Some of the bloggers who join in Helen’s End of Month meme at Patient Gardener have decided to focus on one particular border or area of the garden this year. As I want to keep a record for my own interest I shall continue looking at the whole garden, even though at this time of year the changes are not readily visible. The other dilemma involves photographs – lots of views mean more space taken up on the blog, but smaller pictures mean lower resolution. When my blog was first started it would have taken a number of years to fill the allowable space, but longer posts and more photos have seen it filling up at an accelerated rate, so apologies for any lack of clarity and thank you as always to Helen for making it possible to readily share these monthly posts.
Starting as always from outside the kitchen windows, the view across the paved area shows little colour at present, other than pansies in the posts in the foreground and the lovely cornus stems in the square lead effect pots, but in all the pots there are already signs of tulip bulbs pushing skywards, perhaps a little early, but that’s this winter for you. On the right is the streamside view, with some of the gorgeous witch hazels. Again, bulbs are poking through, lots of Tête-à-Tête and some more Crocus tommasinianus to add to the few planted before.
Even a larger picture of the woodland would not show the wood anemones and bluebells that on close inspection are becoming apparent above the leaf litter, whereas the main borders really are just ‘in waiting’ for new growth to begin again – although here and there are signs of species tulips, always well in advance of their larger counterparts. There is still planting to get right in these beds as the season progresses. Hopefully the various hostas which are collecting themselves in the pots in the foreground will see the winter through unscathed, this being the first time I have had them in anything other than large pots.
Clematis in the colonnade shown above left have been recently pruned but need to be reassessed later in the year to see if any extras are needed to extend the flowering season on each post. Likewise the geranium in the beds at their base may need a boost as some of the varieties planted are a bit on the lanky side which is not what was intended; I was intrigued to find a lonely flower on a G sanguineum here as I rambled this morning! The woodland edge border on the right is ready to take off in the next few weeks as the hellebores and ordinary snowdrops get going and will no doubt be starring in next month’s EOMV. You may just about make out the ‘full stop’ (or perhaps more of a semi colon) at the end of the path through this border, the recently revamped boundary between it and the right hand side hot border, which does exactly what it was meant to do and look as if it has been there much longer than it has.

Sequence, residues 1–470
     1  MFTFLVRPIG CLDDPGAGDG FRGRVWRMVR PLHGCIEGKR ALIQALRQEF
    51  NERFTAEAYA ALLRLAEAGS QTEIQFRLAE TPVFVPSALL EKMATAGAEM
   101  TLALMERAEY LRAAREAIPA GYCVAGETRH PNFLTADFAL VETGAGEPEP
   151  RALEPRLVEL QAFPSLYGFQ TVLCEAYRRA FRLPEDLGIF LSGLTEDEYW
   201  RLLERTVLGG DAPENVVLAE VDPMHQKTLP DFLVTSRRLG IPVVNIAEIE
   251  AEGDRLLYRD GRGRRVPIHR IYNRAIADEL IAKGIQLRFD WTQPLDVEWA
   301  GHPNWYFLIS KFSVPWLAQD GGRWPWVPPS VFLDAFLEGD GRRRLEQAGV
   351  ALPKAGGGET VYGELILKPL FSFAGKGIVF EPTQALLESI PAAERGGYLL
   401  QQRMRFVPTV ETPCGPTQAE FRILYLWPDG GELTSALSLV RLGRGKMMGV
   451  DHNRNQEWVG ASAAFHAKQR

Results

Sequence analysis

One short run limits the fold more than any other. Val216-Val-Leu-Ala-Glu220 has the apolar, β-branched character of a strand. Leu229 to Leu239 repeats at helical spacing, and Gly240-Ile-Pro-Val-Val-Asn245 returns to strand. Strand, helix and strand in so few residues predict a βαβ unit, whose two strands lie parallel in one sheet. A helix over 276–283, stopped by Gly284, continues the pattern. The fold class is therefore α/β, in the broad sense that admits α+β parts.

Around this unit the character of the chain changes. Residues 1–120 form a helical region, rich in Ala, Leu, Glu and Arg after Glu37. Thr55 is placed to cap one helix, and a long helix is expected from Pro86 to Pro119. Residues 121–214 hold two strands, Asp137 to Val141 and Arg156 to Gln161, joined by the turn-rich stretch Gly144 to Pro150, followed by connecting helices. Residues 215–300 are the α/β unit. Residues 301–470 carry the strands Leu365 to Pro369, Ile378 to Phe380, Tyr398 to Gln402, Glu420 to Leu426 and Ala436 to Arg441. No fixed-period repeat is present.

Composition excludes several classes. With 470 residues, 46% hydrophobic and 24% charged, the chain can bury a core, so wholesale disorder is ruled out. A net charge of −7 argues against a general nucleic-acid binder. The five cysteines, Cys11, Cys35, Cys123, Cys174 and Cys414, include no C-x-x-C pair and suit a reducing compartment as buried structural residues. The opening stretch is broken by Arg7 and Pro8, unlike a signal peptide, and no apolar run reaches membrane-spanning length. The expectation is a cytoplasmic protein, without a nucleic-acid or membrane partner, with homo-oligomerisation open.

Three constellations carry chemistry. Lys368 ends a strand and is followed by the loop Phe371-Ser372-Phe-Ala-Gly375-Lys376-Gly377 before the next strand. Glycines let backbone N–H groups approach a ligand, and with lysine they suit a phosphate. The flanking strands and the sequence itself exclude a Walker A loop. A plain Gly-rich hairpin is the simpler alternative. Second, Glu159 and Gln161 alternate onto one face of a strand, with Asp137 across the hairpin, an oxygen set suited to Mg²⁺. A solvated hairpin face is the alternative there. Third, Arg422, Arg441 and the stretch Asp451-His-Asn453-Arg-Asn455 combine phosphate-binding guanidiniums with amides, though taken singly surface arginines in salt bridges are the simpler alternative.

The hot borders are awaiting their transformation into bold borders this season with the addition of bold and bright annuals, dahlias and some late bulbs. This is a real change in direction, but hopefully will get over my struggle to fill them with hot colours for most of the season – I am quite excited about this change, but it may take a year or two to see what works and what doesn’t, and which annuals are worth the effort of sowing and nurturing.
The equivalent ‘semi colon’ in front of the hot border on the left side has also been successful, now nicely defining the blue & white borders and creating almost a courtyard space. I am well chuffed with this and just need to get the planting sorted – again, I hope to make more use of annuals here this year.
Two views of the rose garden this time, the first looking towards the ‘bus shelter’, on either side of which will soon be two recently purchased (from the our reclamation place) urns with prostrate roses trailing from them – at least that’s the idea. I had been hoping to find a matching partner for the leaning urn on the left, a not uncommon concrete creation, but the place we got it from doesn’t produce them anymore and we haven’t come across one at a car boot sale either. All the existing roses have been sprouting new shoots for weeks now, raring to get going and establish this enclave further, and I shall also be interested to see the result of my pruning of the lavender at their feet in this the second season of these young plants.
If you find yourselves disorientated following this end of month ramble, do have a look at the plan of the garden to help you. We are now doubling back toward the house where we can see the species snowdrop border that is demanding so much attention recently and beyond that the hedge border created a little under a year ago following the removal of the D****’s plant. The latter reminds me how quickly new planting can take shape and transform an area, with this bed about to be transformed further with lots of white crocus and Anemone blanda in a few week’s time. Such an exciting time of year in the garden, this winter/spring transition, so do pop over to Helen’s blog to see what is happening in other gardens – and watch this space!